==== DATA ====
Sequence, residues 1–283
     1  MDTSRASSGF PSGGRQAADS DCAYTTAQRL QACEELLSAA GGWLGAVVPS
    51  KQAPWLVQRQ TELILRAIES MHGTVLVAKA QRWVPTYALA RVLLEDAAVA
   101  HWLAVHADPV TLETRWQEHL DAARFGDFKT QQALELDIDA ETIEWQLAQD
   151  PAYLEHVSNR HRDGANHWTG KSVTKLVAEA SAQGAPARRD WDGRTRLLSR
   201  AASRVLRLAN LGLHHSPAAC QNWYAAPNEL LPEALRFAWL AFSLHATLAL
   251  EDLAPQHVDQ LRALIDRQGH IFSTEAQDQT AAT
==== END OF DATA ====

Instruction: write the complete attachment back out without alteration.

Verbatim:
Sequence, residues 1–283
     1  MDTSRASSGF PSGGRQAADS DCAYTTAQRL QACEELLSAA GGWLGAVVPS
    51  KQAPWLVQRQ TELILRAIES MHGTVLVAKA QRWVPTYALA RVLLEDAAVA
   101  HWLAVHADPV TLETRWQEHL DAARFGDFKT QQALELDIDA ETIEWQLAQD
   151  PAYLEHVSNR HRDGANHWTG KSVTKLVAEA SAQGAPARRD WDGRTRLLSR
   201  AASRVLRLAN LGLHHSPAAC QNWYAAPNEL LPEALRFAWL AFSLHATLAL
   251  EDLAPQHVDQ LRALIDRQGH IFSTEAQDQT AAT